How long until the infection is obvious and they know he is going to die?

How long would it take him to die?

Any help would be appreciated (and rep points will be given :)).

Thanks!!

Abdominal wounds with intestinal damage and peritonitis, none of the usual signs you see in a wound of the limbs, but there will be swelling, distension, fever and pain. Patient's belly will look quickly like they have been inflated by an air hose, the fever is high, they are deleroius and in severe pain. Then their other organs start to fail ... they will eventually die of septicemia-induced heart failure because nothing else is working.

And they stink ... it's a rotten-meat, sickly sweet stench coming from their breath, their sweat, and even the wound.

sheadakota
05-22-2008, 03:17 AM
Sheadakota - I have six more months until I graduate from nursing school. I tried checking my books but they haven't been much help with this.
Ooo welcome to the trenches- I have worked in in ICU for 23 years at a level one trama center- trust me- there is a lot you aren't going to find in books.

BarbaraKE
05-22-2008, 07:00 PM
You have all been extremely helpful. Thanks.

GeorgeK
05-23-2008, 06:49 PM
It would depend upon a lot of things. Death in under 2 days is not likely to be from infection, but rather blood loss. Death from sepsis from a perforated viscus in a hospice patient (generally no antibiotics depending) today is usually 3-7 days. It is a slow painful way to go. They usually don't get disoriented until the last day or so.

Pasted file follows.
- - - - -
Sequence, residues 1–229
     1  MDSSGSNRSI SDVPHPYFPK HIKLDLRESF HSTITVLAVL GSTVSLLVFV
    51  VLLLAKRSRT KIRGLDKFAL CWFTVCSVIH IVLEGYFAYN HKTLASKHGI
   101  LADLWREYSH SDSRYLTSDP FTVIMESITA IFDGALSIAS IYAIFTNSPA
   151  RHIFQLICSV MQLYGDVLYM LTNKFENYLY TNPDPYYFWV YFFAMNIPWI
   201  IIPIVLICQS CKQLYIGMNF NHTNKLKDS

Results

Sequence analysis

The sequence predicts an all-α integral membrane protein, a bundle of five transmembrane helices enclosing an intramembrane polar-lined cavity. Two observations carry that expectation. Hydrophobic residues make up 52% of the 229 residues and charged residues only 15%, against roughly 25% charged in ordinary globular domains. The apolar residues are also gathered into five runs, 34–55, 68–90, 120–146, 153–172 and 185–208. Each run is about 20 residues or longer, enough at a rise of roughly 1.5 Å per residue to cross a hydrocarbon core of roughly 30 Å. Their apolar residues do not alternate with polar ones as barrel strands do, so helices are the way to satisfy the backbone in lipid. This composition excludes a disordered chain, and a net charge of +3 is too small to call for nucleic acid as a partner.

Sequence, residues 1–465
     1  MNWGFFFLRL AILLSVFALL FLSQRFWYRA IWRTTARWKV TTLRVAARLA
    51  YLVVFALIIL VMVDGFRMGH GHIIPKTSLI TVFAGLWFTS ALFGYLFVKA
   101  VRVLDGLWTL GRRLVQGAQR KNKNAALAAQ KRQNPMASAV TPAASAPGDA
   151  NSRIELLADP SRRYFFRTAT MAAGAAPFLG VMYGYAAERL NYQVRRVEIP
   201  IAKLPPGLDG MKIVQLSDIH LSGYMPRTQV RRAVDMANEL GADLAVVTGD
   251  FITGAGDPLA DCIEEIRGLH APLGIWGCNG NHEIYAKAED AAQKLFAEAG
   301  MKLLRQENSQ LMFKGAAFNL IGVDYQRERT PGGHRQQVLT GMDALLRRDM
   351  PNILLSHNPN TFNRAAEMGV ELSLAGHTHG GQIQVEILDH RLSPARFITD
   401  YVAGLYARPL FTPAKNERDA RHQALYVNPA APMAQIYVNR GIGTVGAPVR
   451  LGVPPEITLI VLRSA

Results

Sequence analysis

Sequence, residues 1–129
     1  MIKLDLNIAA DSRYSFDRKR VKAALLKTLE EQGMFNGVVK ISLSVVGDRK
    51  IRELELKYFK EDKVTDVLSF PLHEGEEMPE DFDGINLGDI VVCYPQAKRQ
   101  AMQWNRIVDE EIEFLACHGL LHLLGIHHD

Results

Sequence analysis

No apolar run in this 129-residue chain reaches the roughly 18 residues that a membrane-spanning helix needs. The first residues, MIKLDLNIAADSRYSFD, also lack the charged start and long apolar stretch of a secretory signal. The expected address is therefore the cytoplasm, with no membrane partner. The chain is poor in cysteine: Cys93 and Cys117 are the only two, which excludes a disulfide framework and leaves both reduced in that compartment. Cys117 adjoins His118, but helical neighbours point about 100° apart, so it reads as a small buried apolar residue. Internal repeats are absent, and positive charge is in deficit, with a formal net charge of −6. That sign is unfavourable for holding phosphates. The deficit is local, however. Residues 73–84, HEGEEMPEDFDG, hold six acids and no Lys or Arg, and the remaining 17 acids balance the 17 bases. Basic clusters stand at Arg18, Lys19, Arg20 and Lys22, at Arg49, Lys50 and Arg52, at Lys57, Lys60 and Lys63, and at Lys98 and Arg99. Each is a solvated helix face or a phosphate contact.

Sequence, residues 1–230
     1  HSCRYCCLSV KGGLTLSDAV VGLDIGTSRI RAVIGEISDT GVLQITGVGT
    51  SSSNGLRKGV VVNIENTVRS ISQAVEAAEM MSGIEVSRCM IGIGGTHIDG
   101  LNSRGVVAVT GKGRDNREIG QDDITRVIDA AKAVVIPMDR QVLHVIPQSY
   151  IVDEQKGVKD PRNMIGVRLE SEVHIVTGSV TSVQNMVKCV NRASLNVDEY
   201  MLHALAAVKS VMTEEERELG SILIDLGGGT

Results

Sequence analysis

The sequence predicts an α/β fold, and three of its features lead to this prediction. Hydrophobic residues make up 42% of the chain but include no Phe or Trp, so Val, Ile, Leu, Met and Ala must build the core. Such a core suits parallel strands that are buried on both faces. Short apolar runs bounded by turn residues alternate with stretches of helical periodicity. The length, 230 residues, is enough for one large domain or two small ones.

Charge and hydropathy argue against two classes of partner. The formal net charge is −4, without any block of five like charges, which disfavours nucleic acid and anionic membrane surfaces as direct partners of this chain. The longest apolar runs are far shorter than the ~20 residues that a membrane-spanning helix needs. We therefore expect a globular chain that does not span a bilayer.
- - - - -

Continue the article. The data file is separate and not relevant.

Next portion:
1870's munitions were low velocity and so caused significantly less internal damage than today's high velocity rounds. Also, that was the start of cartridges and if the person was shot with a musket, especially by someone who was not military, there would be a reasonable chance that they spilled some of the powder and it was undercharged. I've seen musket balls that were slow enough that a person could dodge them (some of the powder got squished into the grease in the posterior of the miniball and so it effectively became a tracer round).

HeronW
05-26-2008, 04:57 PM
An old test for detecting hidden abdominal wounds was to have the pt. drink a broth of onions and garlic. If you could smell that coming from the wound shortly after consumption, you wouldn't need to bother with making many more meals.